The Packersâ€™ Super Bowl XXXI kicker will be inducted into the teamâ€™s Hall of Fame this summer.
By PAUL IMIG FS Wisconsin
Chris Jacke was drafted by the Green Bay Packers in the sixth round in 1989. The Packers were in need of a kicker after trotting out four different players to attempt field goals in 1988, including Max Zendejas and his 56.3 percent success rate.
As a rookie, Jacke made 78.6 percent of his field goals, which ranked him eighth in the NFL that season. He continued to connect near that pace -- never lower than 73.1 percent and only once exceeding 80 percent -- for all eight seasons in which he played for Green Bay.
"When I came in the league, kicking 75 percent was considered very good," said Jacke, 46. "By today's standards, it's obviously not. Kickers today are better trained, field conditions are a lot better. Walking on Lambeau now compared to when I walked on Lambeau and played on Lambeau is kind of different. Some of those playing field conditions were quite bad. We played in Milwaukee, which wasn't the greatest.
"My first five years in the league I was 75 percent or better, which had never been done up to that point. I was very proud of that. By today's standards, I probably wouldn't even be on a team kicking 75 percent. I say it all the time: If I would've known then what I know today, I could still be playing. But I think every generation probably says that."
In 1996, which turned out to be Jacke's final season with the Packers, he helped Green Bay win Super Bowl XXXI. In that game, Jacke made two of his three field-goal attempts.
After Green Bay
After celebrating the Super Bowl victory, Jacke was a free agent. The Packers drafted kicker Brett Conway in the third round out of Penn State, though it was undrafted Ryan Longwell who ended up winning the job. Jacke, meanwhile, signed with the Pittsburgh Steelers.
"My contract was ending in the year in which I wasn't re-signed, and there was always that possibility of the team -- does it make sense for the team to go after a younger kid?," Jacke said. "I was having some health issues at that time and they made the decision to go with Ryan Longwell. They drafted a kid out of Penn State; a good kicker, but he got injured in the first or second week of training camp … and then Ryan Longwell signed and went on to have an excellent career.
"You see it coming (not being retained by the Packers) because things can happen. It's just part of the business."
Jacke never stepped onto the field for the Steelers and finished the 1997 season with the Washington Redskins, making five extra points and not attempting any field goals.
Jacke spent his final two NFL seasons in 1998 and 1999 kicking for the Arizona Cardinals. However, his field-goal percentages in those two seasons were both career lows.
"From a financial standpoint, of course it made sense (to keep looking for teams to play for)," Jacke said. "It made you appreciate what Green Bay has, what Wisconsin has. There is no other place like Green Bay to play. From here I went directly to the Pittsburgh Steelers, which is very similar to here, but it's still not Green Bay, Wisconsin. Those two teams are very similar; blue-collar, love their team through thick and thin. We had a lot of thin years while I was playing.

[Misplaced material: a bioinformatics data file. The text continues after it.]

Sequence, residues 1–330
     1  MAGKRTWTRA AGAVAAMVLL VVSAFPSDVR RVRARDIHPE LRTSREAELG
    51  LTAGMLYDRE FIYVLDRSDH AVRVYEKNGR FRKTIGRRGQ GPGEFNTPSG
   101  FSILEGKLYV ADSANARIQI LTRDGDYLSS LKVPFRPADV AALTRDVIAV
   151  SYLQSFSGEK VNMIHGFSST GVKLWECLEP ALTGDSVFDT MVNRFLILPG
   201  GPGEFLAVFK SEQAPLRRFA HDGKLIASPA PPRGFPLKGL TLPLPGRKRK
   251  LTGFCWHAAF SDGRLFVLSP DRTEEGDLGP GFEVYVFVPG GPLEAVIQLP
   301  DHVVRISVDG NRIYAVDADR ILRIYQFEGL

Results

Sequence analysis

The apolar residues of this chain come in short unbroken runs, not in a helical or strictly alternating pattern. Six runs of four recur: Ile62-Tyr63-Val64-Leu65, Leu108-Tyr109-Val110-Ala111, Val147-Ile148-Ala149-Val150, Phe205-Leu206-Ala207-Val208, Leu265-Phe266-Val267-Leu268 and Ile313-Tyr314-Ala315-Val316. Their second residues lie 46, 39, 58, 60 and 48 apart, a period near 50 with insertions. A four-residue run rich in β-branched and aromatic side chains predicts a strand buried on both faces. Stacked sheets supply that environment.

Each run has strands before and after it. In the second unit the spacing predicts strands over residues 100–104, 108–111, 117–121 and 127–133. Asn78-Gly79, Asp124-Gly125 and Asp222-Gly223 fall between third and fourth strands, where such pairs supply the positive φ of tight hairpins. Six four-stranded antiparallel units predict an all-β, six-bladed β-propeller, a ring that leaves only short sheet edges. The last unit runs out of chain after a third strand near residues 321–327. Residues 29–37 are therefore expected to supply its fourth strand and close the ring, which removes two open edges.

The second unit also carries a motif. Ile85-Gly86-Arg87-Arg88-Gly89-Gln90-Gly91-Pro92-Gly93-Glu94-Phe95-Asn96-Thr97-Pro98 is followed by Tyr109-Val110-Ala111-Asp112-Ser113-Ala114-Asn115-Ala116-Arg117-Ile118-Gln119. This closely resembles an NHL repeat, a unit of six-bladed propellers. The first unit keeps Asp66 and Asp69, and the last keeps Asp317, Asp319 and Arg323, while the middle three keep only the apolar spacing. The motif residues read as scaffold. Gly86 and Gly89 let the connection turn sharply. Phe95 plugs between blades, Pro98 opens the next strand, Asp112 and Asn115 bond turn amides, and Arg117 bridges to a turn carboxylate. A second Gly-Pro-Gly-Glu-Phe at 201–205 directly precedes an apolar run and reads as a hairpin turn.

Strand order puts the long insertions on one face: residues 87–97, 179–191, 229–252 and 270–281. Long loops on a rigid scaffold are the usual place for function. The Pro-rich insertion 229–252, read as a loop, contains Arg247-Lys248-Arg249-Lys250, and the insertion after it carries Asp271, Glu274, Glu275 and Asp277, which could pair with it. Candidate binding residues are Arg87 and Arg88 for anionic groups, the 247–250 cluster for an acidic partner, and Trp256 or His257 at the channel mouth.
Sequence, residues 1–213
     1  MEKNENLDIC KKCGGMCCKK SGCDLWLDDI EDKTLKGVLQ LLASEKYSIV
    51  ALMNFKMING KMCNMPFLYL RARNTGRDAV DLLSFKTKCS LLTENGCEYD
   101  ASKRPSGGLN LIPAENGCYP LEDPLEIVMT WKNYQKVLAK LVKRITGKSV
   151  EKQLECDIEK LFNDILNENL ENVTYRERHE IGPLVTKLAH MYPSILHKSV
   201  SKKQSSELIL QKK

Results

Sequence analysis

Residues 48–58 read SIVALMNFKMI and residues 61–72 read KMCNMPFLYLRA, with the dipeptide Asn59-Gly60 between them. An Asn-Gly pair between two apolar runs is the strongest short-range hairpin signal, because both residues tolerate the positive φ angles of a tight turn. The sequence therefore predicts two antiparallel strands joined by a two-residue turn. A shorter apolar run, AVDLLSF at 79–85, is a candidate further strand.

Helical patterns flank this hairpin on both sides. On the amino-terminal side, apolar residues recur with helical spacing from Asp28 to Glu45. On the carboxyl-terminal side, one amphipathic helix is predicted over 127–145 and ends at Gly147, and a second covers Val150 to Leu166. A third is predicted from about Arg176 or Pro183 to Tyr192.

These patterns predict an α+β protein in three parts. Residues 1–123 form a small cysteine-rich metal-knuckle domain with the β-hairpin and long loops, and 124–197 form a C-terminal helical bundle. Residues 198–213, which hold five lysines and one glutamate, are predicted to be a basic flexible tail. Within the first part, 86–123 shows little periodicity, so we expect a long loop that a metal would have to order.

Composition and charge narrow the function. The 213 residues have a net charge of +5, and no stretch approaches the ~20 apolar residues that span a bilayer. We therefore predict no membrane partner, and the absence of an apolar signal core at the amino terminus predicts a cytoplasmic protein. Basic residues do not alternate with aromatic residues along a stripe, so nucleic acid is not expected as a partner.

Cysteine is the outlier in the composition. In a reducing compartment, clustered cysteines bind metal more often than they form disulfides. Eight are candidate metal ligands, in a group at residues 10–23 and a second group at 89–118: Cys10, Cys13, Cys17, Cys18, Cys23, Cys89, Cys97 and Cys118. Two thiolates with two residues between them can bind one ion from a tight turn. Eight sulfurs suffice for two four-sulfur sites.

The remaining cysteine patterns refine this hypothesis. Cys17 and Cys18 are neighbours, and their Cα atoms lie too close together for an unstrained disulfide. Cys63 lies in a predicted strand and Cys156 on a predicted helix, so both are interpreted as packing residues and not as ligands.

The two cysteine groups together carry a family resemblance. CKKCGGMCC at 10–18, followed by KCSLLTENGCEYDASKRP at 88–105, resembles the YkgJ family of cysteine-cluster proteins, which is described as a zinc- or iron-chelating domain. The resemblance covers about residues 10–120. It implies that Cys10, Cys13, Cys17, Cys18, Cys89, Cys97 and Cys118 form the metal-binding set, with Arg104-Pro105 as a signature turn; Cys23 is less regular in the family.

"My second and third year (in Green Bay), we won four and six games, but the stadium was full and they still love you; well, most of them do, anyway. But it made you realize just how special this place is after you go to other places."
Jacke retired after the 1999 season and an 11-year NFL career.
Jacke will be inducted into the Packers Hall of Fame this year.
"It's exciting," he said. "I went on the Hall of Fame website, and I think there's only three other kickers who are in the Hall of Fame here in Green Bay, and to be the fourth, it's really an honor."
Jacke will join kickers Don Chandler, Chester Marcol and Jan Stenerud in the team's Hall of Fame. Fred Cone (fullback/kicker) is also in the Packers Hall of Fame.
As far as participating in any form of football over the past 14 years, though, Jacke has avoided it.
"Just watching my kids when they're playing," Jacke said. "Both my kids play football and both of them play soccer. I was their soccer coach. I never really coached them in football. I tried to separate myself for a little bit, let them be them instead of maybe trying to be Dad or something."
Recently, Jacke started to become somewhat interested in coaching or teaching kickers some of the tips and tricks he learned throughout his NFL career.
"I know several friends of mine, like (former Packers punter) Craig Hentrich, I talk to him on occasion, he runs a kicking camp and I know several others," Jacke said. "Kicking camps are a dime a dozen. I actually Googled it in the last several months to see what was out there, and there's a lot of them out there. Now, how many of them are good? I don't know. But it's just something that had never really crossed my mind.
"You never know; I could screw someone up."
As a fan
Jacke is aware that it's the politically correct thing to say that he's still a Packers fan -- especially in the year in which he'll join the team's Hall of Fame. But, for Jacke, Green Bay still is his favorite team.
"I'm a Packer fan, absolutely," he said. "I was real disappointed in our loss (to San Francisco) like everyone else. I'm still a football fan at heart. My second favorite team is the New England Patriots. I was rooting for the 49ers because it makes us look better if they (win). I'm a football fan at heart.
"I'm a big fan of football. I love watching it, even when the Packers aren't playing."